Microsoft has just opened the doors for Xbox gamers to challenge their PlayStation rivals in the very near future, beginning with Psyonix’s extreme sports indie game Rocket League.
Kicking off this week’s Game Developer’s Conference (GDC) in San Francisco, director of ID@Xbox for Microsoft Chris Charla revealed in an open letter that Microsoft has enabled developers to support cross-network play. The initiative will begin with Xbox Live and Windows 10 before extending an “open invitation” to other console and PC networks.
Charla confirmed Psyonix’s hit Rocket League — which debuted on PlayStation Network last year and released on Xbox Live in Feburary — will be the first game on Xbox One to support cross-network play.
Though the words “Sony” or “PlayStation 4” aren’t mentioned in Charla’s letter, it’s a very likely scenario, given the state of consoles, which are getting overshadowed by mobile and smartphone games. Cross-network play has been a wish for gamers on both sides of the console for a long time, but boring legal reasons have historically prevented it. (In 2014, the small indie game The Golf Club allowed players on all consoles to share user-generated content, but not compete directly.)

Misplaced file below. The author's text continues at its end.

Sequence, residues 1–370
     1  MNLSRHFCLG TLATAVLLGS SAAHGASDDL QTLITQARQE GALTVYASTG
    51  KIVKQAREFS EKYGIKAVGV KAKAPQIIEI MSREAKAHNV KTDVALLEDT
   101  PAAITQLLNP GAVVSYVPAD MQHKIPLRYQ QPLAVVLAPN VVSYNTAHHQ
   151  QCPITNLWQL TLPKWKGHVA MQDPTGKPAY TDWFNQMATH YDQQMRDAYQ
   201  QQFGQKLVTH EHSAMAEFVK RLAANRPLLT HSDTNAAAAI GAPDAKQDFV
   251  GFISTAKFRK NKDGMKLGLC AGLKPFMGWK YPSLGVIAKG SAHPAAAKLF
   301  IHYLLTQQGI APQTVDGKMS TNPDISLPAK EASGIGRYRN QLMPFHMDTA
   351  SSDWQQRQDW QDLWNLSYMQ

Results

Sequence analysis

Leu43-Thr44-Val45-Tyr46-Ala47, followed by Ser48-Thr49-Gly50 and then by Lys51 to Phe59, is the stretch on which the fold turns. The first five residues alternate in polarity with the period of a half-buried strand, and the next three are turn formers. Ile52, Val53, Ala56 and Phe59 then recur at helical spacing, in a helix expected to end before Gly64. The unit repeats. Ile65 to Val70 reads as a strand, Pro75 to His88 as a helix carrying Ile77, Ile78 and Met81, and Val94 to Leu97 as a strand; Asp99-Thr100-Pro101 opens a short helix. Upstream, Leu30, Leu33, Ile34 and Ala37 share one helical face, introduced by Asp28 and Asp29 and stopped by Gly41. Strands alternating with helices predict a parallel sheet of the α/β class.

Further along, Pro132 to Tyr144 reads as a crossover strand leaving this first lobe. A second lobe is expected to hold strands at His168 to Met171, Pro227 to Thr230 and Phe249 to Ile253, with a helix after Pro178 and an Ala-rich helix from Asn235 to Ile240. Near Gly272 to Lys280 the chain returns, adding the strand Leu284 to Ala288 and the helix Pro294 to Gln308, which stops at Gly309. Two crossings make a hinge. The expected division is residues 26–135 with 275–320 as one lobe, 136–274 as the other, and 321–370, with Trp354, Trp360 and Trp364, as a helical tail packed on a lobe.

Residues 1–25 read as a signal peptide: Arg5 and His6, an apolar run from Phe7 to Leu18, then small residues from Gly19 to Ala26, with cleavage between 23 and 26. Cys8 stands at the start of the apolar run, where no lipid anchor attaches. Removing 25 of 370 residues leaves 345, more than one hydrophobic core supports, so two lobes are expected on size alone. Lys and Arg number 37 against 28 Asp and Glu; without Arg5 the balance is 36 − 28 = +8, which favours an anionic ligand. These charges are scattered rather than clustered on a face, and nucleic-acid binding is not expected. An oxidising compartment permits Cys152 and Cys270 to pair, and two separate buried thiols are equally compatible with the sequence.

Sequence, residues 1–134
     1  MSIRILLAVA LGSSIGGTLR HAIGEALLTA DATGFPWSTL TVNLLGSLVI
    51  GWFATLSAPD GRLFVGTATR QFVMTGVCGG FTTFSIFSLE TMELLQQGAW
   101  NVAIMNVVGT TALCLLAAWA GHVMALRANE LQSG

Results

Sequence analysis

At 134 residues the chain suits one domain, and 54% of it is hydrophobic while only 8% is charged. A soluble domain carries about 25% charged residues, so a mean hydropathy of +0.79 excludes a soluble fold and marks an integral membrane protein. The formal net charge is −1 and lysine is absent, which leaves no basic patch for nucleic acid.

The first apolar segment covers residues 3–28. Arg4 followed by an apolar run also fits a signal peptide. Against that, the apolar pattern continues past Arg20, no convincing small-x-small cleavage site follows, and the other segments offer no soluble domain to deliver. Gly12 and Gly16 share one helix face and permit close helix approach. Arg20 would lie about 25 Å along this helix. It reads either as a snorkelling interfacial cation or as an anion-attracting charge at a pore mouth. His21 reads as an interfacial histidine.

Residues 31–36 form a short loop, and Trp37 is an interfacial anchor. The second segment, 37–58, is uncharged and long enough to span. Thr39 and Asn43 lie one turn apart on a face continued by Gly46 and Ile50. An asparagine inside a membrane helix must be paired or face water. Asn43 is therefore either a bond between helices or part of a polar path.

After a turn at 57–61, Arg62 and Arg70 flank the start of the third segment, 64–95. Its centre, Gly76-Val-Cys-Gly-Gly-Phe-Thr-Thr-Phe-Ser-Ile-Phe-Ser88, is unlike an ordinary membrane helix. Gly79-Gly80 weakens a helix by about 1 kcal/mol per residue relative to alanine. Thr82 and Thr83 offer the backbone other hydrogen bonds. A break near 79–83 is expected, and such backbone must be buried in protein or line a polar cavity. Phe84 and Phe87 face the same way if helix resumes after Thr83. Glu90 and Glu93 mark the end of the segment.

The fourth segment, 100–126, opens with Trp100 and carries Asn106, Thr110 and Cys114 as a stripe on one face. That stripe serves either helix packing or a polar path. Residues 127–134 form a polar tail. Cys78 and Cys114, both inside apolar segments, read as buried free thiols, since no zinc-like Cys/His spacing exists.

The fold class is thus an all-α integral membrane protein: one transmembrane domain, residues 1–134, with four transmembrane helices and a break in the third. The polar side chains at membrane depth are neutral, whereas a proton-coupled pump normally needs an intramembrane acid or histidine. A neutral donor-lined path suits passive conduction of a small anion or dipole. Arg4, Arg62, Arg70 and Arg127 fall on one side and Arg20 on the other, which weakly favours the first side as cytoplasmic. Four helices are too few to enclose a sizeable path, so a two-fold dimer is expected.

Microsoft’s move is colossal, even if it’s limited to indie games and excludes triple-A multiplayer titles for now. Gamers shouldn’t expect Xbox’s Call of Duty to engage their PlayStation counterparts or vice versa anytime soon, but if the initial move proves viable, it might happen. And, if nothing else, at least everyone will be mad when either Xbox Live or PSN is down for the umpteenth time.